While checking my agenda this morning, I noticed a scribble indicating that today was Sir Walter Scott’s birthday!
I said to myself that we could not let this day go by without honouring our favorite scottish writer . To celebrate his priceless legacy which had such a great impact on historical fiction and upon so many worldwide readers, let’s walk down memory lane together for a moment…
Can you imagine? Already 240 years have passed since Walter Scott was born on 15 August 1771 in a flat near the Cowgate Valley in Edinburgh.
At the age of 16, his father employed him as “a writer to the signet”, but he did not like that kind of work. He opted instead to become a lawyer and in 1792 entered Edinburgh’s Law School. He had fun and success inside this tight community but did not defend a lot of cases.
What he preferred most was to take long rides in the countryside and collect romantic ballads as well as learning how to speak local dialects. He later felt a strong calling towards literature and from 1799 started writing. Thereafter, Walter Scott devoted almost all his time to his novels, until his death on 21 September 1832.
Coming back to his date of birth, I recall reading somewhere that there was a discrepancy about it, and if my memory serves me well, it was question about him being born in 1770 instead of 1771.
Does that ring a bell to you Mairiuna?
Yes Janice, it does! The date I can remember is 15 August 1771 but I’m going to check it at once in my books about Sir Walter.
David Daiches doesn’t seem to give much credit to the idea of a mistaken birth date:
‘In April 1808, when Walter Scott was in his thirty-seventh year, and already known as editor, antiquary and poet, he sat down at Ashestiel, that ‘decent farm-house overhanging the Tweed’ where he had moved in 1804, to write a fragment of autobiography (..) Though his home was in the Border country throughout most of his adult life, Scott was not born there, but at Edinburgh, on 15 August 1771. (There is some evidence to suggest that Scott was mistaken about the year of his own birth, and that he was really born on 15 August 1770; but it is far from conclusive, and the weight of evidence is on the side of the traditional year of 1771.)’
Stuart Kelly, in his recent biography of Sir Walter, doesn’t even mention the fact.
‘Sir Walter Scott was born in Edinburgh on 15 August 1771, the fourth child of a farmer’s son who had climbed the social ladder to become a lawyer. His mother was the daughter of Edinburgh University’s Professor of Medicine. Those with a bent towards astrology might note that on 15 August 1769, a child had been born whose fame would rival Scott’s in due course, and of whom Scott would eventually write a biography: Napoleon Bonaparte.’ (Scott-Land – ‘The Man’ - Stuart Kelly)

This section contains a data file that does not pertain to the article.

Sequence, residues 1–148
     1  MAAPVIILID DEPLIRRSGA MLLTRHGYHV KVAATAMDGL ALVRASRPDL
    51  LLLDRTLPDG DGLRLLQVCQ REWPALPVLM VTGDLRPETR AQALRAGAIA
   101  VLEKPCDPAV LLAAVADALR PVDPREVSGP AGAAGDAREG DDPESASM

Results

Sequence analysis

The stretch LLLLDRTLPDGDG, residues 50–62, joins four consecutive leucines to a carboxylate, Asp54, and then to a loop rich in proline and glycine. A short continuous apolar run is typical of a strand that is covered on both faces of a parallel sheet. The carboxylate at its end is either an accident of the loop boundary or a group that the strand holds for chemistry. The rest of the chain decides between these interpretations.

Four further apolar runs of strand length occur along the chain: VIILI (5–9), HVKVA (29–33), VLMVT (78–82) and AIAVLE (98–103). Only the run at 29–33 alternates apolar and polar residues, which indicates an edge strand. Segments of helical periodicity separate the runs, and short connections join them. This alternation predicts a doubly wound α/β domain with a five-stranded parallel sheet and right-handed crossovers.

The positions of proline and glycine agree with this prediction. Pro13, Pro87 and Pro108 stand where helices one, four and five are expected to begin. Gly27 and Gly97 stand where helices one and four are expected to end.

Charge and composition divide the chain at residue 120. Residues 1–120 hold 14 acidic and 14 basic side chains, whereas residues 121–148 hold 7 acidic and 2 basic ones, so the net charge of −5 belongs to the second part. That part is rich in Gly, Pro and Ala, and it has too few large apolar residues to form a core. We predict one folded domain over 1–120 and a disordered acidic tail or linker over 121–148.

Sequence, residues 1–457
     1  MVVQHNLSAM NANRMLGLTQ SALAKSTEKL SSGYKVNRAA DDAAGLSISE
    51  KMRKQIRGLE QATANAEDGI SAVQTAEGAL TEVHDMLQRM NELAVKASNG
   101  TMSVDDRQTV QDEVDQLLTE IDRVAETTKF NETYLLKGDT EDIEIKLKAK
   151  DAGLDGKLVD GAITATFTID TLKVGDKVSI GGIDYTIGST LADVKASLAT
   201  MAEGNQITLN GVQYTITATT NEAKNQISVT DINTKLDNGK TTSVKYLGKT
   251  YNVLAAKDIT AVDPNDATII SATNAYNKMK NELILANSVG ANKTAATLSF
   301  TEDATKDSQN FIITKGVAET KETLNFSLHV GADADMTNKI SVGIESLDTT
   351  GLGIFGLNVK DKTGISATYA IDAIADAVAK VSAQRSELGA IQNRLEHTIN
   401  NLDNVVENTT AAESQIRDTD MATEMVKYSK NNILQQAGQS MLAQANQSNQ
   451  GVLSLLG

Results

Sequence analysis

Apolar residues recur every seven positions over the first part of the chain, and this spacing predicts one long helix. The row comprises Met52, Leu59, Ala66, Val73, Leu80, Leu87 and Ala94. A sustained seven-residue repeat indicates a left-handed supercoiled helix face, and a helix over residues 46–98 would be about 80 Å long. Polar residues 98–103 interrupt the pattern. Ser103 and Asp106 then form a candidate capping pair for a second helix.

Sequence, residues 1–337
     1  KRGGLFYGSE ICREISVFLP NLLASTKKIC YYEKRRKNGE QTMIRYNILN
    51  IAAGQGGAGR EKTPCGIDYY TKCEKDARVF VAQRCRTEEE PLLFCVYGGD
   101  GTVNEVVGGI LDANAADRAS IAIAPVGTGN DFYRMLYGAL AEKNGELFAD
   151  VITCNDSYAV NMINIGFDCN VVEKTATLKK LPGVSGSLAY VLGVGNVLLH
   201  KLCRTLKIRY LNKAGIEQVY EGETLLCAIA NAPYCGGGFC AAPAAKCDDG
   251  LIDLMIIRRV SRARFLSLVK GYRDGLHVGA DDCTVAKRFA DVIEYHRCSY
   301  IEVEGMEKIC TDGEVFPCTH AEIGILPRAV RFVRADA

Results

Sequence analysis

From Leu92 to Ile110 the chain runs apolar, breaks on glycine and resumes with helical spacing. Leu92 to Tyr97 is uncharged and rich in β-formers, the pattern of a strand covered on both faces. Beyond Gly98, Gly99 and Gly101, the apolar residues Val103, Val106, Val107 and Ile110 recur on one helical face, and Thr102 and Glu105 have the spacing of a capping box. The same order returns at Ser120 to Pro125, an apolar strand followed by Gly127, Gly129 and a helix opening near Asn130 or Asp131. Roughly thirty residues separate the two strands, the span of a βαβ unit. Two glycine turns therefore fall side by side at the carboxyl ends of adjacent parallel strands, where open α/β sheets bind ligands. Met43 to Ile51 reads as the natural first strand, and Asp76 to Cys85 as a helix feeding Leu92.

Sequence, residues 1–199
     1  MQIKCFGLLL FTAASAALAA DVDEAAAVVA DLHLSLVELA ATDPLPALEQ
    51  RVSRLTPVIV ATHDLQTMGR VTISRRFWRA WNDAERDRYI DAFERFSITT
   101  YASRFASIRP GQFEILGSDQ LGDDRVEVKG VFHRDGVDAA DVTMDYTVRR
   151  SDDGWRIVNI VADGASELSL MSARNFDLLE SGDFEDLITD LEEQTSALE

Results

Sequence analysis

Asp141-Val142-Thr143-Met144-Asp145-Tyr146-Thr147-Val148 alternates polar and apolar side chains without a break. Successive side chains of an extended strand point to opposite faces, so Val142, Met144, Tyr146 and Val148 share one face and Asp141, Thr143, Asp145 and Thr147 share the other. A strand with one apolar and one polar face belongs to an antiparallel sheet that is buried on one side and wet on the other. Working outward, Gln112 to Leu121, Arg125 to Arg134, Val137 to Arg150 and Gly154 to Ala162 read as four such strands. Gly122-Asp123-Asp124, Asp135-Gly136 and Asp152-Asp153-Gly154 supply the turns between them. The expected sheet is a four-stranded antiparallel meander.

However, in his Autobiography, Sir Walter doesn’t seem so sure about his birth date for he writes : I was born, as I believe, on the 15 August 1771, in a house belonging to my father, at the head of the College Wynd. It was pulled down, with others, to make room for the northern front of the new College.
Anyway, it all began here, in the heart of ‘Auld Reekie’, in the midst of summer and one can easily imagine, from that old engraving, what life must have been like there, in the 18th century.
Do you remember Janice the time when we used to read one page a day of Sir Walter’s Journal, trying to make our calendar coincide with that of Sir Walter? Let us open the book at the date of August 15 1826, just to see if he mentions his birthday. Sir Walter was 55 years old then.
“I must home to work while it is called day; for the night cometh when no man can work.
I put that text, many a year ago, on my dial-stone;
but it often preached in vain.”
[SCOTT'S Life, x. 88.]
August 15 th
The weather seems decidedly broken. Yesterday, indeed, cleared up, but this day seems to persevere in raining. Naboclish! * It’s a rarity nowadays. I write on, though a little afflicted with the oppression on my chest. Sometimes I think it is something dangerous, but as it always goes away on change of posture, it cannot be speedily so. I want to finish my task, and then goodnight. I will never relax my labour in these affairs, either for fear of pain or love of life. I will die a free man if hard working will do it. Accordingly, to-day I cleared the ninth leaf, which is the tenth part of the volume, in two days – four and a half leaves a day. Walter and Jane, with Mrs Jobson, are arrived to interrupt me.
At that time, Sir Walter was writing himself to death to honour his and his friends’s debts and he didn’t seem to care much about his birthday, not even mentioning it in his Journal! He was to die 6 years later, on his return from a long journey in Italy which had been supposed to restore his health. Sir Walter’s death is already looming in these lines…
I’ve just fallen upon this nice perpetual calendar which I got in Scotland a few years ago. Why not write in it the birth and death anniversaries of our favourite authors. We could even open a new category on Scotiana called “A Scots Yearbook”
What do you think of this idea, Janice ?
Great idea my friend! Done
Until next, take care and all the very best!
Janice & Mairiuna
* Naboclish : ‘Don’t mind it”, an Irishism picked up the previous summer (The Journal of Sir Walter Scott Canongate 1972 edition Note 3 )